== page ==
If you want to create a trust fund for a beneficiary, understanding the best options for your needs is essential. For example, you may want to ensure your beneficiary has enough funds to cover their college tuition. As such, you may want to create a trust fund with that in mind. However, you may not know the benefits of a trust over a 529 plan. This blog explores why a trust fund is a great option and how a Rockland County trusts attorney can help you create an impenetrable plan.
What Kind of Trust Is Best to Pay for College Tuition?
If you want to create a plan to ensure your beneficiaries can pay for their college education, there are two standard options. The first is a 529 plan, which is an investment account to save for higher education. However, the alternative option offers significantly more flexibility. Setting up an irrevocable trust is an ideal option for many. It is essential to understand that, like any other trust, an irrevocable trust is managed by a person of the grantor’s choosing. This agent, the trustee, is responsible for managing and distributing assets according to the wishes of the creator.
An irrevocable trust is one that cannot be changed or terminated after it is created. It allows the creator to place $15,000 per five years into the fund at once, meaning there will be $75,000 guaranteed per beneficiary. Similarly, the funds in this trust are invisible to creditors, meaning this money will go to the intended recipient.
What Are the Benefits of Using an Irrevocable Trust?
As previously mentioned, one of the significant benefits of using an irrevocable trust over a 529 is flexibility. A 529 plan exclusively hold funds that can only be used for secondary education. With an irrevocable trust, however, those funds can be used to cover medical and other expenses if necessary.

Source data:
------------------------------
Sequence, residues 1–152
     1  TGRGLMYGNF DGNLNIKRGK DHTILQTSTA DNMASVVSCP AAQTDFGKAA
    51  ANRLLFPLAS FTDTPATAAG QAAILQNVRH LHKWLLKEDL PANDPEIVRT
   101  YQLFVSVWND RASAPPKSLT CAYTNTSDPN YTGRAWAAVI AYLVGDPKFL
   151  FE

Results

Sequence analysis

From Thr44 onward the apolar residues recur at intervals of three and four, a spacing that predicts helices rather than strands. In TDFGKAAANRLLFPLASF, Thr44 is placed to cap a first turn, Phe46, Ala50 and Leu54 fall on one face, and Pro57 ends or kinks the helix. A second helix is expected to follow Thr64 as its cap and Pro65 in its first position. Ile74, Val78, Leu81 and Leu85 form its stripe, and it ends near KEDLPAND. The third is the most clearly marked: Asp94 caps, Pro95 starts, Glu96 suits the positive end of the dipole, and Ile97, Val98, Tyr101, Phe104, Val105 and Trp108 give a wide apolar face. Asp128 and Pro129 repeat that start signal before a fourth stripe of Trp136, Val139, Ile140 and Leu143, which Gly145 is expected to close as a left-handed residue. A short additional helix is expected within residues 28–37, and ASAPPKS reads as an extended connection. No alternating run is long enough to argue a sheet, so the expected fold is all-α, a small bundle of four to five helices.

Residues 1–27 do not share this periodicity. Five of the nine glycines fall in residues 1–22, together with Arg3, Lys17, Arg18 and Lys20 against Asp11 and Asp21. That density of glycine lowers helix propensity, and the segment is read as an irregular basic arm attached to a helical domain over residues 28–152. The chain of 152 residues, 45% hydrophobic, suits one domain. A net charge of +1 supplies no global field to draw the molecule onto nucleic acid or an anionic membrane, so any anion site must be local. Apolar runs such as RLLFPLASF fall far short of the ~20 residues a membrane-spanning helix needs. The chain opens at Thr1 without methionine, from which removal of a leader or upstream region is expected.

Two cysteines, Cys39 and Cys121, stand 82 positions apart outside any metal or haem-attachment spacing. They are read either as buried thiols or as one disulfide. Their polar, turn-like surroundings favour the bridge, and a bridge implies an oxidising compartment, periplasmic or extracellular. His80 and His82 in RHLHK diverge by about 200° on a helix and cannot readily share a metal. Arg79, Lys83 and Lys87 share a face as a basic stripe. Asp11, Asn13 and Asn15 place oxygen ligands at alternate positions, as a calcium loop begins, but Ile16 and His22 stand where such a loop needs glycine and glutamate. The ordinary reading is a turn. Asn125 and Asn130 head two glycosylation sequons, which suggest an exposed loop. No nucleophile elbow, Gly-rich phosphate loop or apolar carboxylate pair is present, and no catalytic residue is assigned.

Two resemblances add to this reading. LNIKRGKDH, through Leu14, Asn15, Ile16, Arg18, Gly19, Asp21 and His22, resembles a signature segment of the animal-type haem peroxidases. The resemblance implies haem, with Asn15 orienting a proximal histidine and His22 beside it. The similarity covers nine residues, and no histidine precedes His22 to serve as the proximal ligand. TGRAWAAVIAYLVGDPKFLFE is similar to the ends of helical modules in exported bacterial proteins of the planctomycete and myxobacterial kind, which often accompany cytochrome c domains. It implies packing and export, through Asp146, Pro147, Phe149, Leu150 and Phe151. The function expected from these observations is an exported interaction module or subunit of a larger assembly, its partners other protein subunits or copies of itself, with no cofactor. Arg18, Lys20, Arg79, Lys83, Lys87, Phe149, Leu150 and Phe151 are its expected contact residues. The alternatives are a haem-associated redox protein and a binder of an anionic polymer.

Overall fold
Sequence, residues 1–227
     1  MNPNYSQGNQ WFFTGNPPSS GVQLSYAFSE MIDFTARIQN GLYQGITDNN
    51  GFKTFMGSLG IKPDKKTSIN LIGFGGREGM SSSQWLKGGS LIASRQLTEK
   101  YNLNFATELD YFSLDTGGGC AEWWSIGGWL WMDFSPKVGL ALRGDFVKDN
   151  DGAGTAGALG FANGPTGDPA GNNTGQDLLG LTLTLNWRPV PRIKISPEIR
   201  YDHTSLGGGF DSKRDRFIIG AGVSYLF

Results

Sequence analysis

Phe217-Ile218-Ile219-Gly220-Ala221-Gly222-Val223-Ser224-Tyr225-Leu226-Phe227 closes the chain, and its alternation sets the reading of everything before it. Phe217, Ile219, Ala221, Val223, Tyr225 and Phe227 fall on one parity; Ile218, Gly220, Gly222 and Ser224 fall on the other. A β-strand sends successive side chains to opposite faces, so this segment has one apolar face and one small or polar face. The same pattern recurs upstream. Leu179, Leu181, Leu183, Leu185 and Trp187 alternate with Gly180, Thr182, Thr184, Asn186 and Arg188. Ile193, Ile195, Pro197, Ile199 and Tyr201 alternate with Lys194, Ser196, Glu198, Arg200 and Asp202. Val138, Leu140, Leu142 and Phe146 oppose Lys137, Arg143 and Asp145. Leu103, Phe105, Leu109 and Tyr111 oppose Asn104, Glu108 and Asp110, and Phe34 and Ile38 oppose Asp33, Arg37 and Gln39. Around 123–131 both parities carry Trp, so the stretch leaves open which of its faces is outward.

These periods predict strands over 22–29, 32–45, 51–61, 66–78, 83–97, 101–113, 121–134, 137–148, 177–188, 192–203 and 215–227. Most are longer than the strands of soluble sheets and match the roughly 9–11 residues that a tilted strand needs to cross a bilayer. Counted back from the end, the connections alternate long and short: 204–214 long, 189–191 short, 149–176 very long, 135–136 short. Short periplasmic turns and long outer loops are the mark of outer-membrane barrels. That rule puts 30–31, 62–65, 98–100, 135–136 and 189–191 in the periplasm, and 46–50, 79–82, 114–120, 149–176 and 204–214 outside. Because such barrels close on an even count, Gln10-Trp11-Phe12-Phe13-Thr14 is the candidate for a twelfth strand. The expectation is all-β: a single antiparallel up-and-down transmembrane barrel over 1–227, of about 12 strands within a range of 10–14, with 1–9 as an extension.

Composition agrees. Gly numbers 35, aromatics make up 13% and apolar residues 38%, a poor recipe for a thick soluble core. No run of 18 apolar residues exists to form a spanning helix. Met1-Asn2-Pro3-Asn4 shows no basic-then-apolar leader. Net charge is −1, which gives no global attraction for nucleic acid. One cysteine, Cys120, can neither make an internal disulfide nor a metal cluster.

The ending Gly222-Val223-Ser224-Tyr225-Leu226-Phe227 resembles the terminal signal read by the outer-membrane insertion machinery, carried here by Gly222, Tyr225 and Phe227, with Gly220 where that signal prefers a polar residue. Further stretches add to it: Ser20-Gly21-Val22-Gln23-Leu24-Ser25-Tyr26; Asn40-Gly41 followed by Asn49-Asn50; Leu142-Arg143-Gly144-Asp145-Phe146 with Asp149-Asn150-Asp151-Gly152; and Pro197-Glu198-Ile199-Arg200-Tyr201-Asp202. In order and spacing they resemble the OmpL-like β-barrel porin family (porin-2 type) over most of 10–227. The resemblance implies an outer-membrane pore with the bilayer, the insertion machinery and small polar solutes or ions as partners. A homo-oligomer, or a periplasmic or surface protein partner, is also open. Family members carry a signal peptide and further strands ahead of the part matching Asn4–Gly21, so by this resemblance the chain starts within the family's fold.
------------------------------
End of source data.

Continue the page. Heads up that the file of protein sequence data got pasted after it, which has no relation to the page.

Similarly, an irrevocable trust allows the trustee to transfer funds directly to the college or institution. As a result, you will not be subjected to the “gift tax” if the trustee then transfers funds to you. For example, if they pay $15,000 towards your tuition and then transfer an additional $5,000 to you, despite the fact the total amount of transfers is over the limit for the gift tax, you will not incur the additional fees as they are considered separate transfers.
If you are a beneficiary who recently came into money via an irrevocable fund or a creator looking to set one up, you will likely have many questions. Luckily, the Lauterback Law Firm can help. Our dedicated team of attorneys will help you navigate the complexities of estate planning so you can feel secure in your future. Contact us today to learn more about how we can help you.